Seeking Alpha
Long/short equity, research analyst, portfolio strategy, newsletter provider
Profile| Send Message|
( followers)  

by Brian Sozzi

Not sure about your feelings on the topic, but don't the month long weather patterns globally seem too "Day After Tomorrow" for the liking? Far be it from me to go all Nostradamus as I am a stock picker, not a long range weather forecaster or trained psychic. While I work from home, peering out the window at my snowed in two-door Japanese sports car and pop in P90x DVDs to support my workout infatuation, I am scouring the market for snow-centric stock trades. To that end, I say to investors, embrace the remnants of Mother Nature's wrath and seek short-term opportunities where variables, in this case unplanned for weather, could lead to big-time surprises on 4Q10 earnings later this month or in mid-February.

Focusing on the retail sector, the predominant theme post those chilly December same-store sales results on January 6 has been to dump the names. It's a notion that I subscribed to back on Cyber Monday in November, believing December sales would be soft and analysts too rosy with their forecasts for my taste. Though still remaining cautious on the sector, I think one of the short-term plays in retail is on those companies in which Mother Nature has caused increased demand for winter related items. It could be snow blowers at Home Depot (NYSE:HD) and Lowe's (NYSE:LOW), or the company selling such products, Toro (NYSE:TTC). However, to obtain the biggest bang for your investment dollar, I like companies selling products that are solely winter related rather than having a percentage of the inventory dedicated to the category.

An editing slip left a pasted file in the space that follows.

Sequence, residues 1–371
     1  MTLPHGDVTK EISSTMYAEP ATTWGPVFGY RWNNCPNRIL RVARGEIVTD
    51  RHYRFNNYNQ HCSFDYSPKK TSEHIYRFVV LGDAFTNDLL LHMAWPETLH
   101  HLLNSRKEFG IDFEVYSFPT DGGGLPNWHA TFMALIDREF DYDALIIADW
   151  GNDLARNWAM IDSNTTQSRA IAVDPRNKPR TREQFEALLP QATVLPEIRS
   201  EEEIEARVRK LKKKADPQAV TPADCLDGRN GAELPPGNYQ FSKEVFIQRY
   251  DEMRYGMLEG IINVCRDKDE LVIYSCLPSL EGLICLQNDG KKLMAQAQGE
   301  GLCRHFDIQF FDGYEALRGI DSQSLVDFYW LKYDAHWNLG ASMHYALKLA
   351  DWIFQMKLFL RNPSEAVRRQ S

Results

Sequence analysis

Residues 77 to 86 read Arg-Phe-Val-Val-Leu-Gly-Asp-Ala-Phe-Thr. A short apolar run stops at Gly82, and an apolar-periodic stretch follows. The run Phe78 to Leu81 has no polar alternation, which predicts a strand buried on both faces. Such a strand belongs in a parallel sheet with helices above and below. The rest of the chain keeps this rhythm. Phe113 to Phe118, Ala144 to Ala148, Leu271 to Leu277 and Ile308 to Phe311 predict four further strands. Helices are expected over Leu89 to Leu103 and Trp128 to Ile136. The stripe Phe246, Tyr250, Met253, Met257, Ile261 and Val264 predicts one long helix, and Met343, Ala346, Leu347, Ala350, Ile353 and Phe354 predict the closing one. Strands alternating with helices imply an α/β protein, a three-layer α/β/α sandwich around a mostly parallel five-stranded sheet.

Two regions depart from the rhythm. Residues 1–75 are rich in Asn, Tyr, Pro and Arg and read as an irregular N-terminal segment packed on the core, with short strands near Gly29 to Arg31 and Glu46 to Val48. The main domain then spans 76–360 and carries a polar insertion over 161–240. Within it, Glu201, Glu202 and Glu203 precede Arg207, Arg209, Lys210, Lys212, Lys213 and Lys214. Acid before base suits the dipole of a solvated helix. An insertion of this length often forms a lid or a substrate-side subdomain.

My call is to go with boot makers, including Columbia (NASDAQ:COLM) and Timberland (NYSE:TBL). I have left Ugg maker Decker's Outdoor (NYSE:DECK) off the list for two reasons; one, the stock is signaling being overplayed near-term and two, many of the company's products are not waterproof, offering little benefit to the consumer amidst the suspect weather. In a heavily promotional, inconsistent post-holiday retail environment, which is the case currently, I think boot makers are in the driver's seat with their vendors. They have the product, vendors don't, and therefore greater reorder activity and prices are poised to enhance sales and earnings. With snowstorms and wet weather being the norm in November (internationally), December (U.S.), and now in January (U.S.) the backdrop is fertile for these companies to surprise on 4Q10 earnings. Note you do not have to own both names.

Columbia Sportswear

Although the stock's valuation gives me reservation (P/E multiple of 23x my estimate for earnings in 2011, sizable premium to sector average of 16x or so, and 9-year mean of 14.2x) I think the stock may be ripe for a trade into earnings later this month. Key considerations include:

Global weather conditions meets conservative 4Q10 guidance: In reviewing Columbia's 4Q10 earnings guidance, it was very conservative on margins (gross margin and operating margin). However, I think Columbia was in the driver's seat with department stores for much of the fourth quarter; snowstorms globally plus really innovative product (Omni-Heat launched in 3Q10 with a comprehensive marketing program) in my view suggests good pricing integrity on most merchandise in the stores and on reorders (upside to volume is there in addition to the pricing aspect). If there is downside to my rationale, it's competitive pricing this past holiday season on non Omni-Heat Columbia products at mid-tier department stores and traveling constraints by Europeans as a result of the aforementioned weather conditions.